Kirpal Singh Ors. Vs. Kamla Devi Ors.
[Civil Appeal Nos. 356 of 2020 arising out of SLP (C) No. 23296 of 2010]
Ashok Bhushan, J.
1. This appeal has been filed by legal heirs of the subsequent purchasers challenging the judgment of Division Bench dated 21.04.2010 of the Punjab and Haryana High Court in LPA No.55 of 2010 by which the appeal filed by the legal heirs of land owner has been allowed setting aside the judgement of learned Single Judge by which he directed the prescribed authority to include the area sold to the appellants within the permissible area of the land holder.
2. Brief facts of the case giving rise to this appeal are: –
(i) One Jaipal Singh, land holder, was owner of the land measuring 221.72 standard acres in village Kheri, Shishgarh on 15.04.1953, when Punjab Security of land Tenures Act, 1953(hereinafter referred to as 1953 Act) was enforced. The 1953 Act defined permissible area, standard acre and surplus area. Permissible area under the 1953 Act was defined as 30 standard acres.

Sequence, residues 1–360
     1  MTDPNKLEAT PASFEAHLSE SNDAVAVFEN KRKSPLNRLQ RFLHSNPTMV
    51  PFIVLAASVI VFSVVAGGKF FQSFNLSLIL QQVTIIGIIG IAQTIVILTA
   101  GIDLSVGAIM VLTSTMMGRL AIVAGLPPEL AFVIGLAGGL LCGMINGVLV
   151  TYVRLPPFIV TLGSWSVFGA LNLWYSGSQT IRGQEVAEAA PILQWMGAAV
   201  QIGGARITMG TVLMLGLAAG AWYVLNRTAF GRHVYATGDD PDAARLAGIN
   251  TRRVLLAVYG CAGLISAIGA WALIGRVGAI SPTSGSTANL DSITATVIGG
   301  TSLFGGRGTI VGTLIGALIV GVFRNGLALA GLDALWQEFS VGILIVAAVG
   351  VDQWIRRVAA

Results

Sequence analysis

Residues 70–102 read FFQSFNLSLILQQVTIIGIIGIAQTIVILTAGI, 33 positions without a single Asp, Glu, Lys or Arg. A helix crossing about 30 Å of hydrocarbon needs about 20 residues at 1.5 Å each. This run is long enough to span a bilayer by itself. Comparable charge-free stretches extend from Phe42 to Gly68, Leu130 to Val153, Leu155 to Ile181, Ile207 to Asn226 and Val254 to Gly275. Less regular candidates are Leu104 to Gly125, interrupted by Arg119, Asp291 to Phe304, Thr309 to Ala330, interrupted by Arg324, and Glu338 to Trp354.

Land owner who owned land in excess of permissible area was entitled to intimate his selection in the prescribed form and manner to the Patwari of the State. The Collector of the area passed an order dated 28.07.1960 determining 191.72 standard area of land as surplus in the hand of Shri Jaipal Singh. An appeal was filed by Jaipal Singh to the Commissioner, Ambala Division which was dismissed on 14.11.1960. The Revision Petition before the Financial Commissioner, Punjab which was also dismissed on 01.05.1961.
(ii) CWP No.639 of 1961 filed by the Jaipal Singh was allowed by the High Court vide judgment dated 12.03.1962 and authorities were directed to redecide the surplus area in accordance with the law laid down by the judgment of Punjab High Court reported in 1962 PLR 22, Jagan Nath and others versus State of Punjab and others. The proceedings before the Collector in pursuance of the judgment of Punjab High Court dated 12.03.1962 remained pending. In the meantime, State of Haryana was created and State legislature passed an Act namely, Haryana Ceiling of land Act, 1972(hereinafter referred to as 1972 Act). Jaipal Singh on 18.06.1974 executed sale deeds in favour of one Mohan Singh of an area of 125 Kanal and 8 Marla. The Collector by an order dated 12.05.1978 allowed exemption of land of Jaipal Singh declared surplus measuring 150 standard acres and balance of 36.47 standard acres was declared surplus.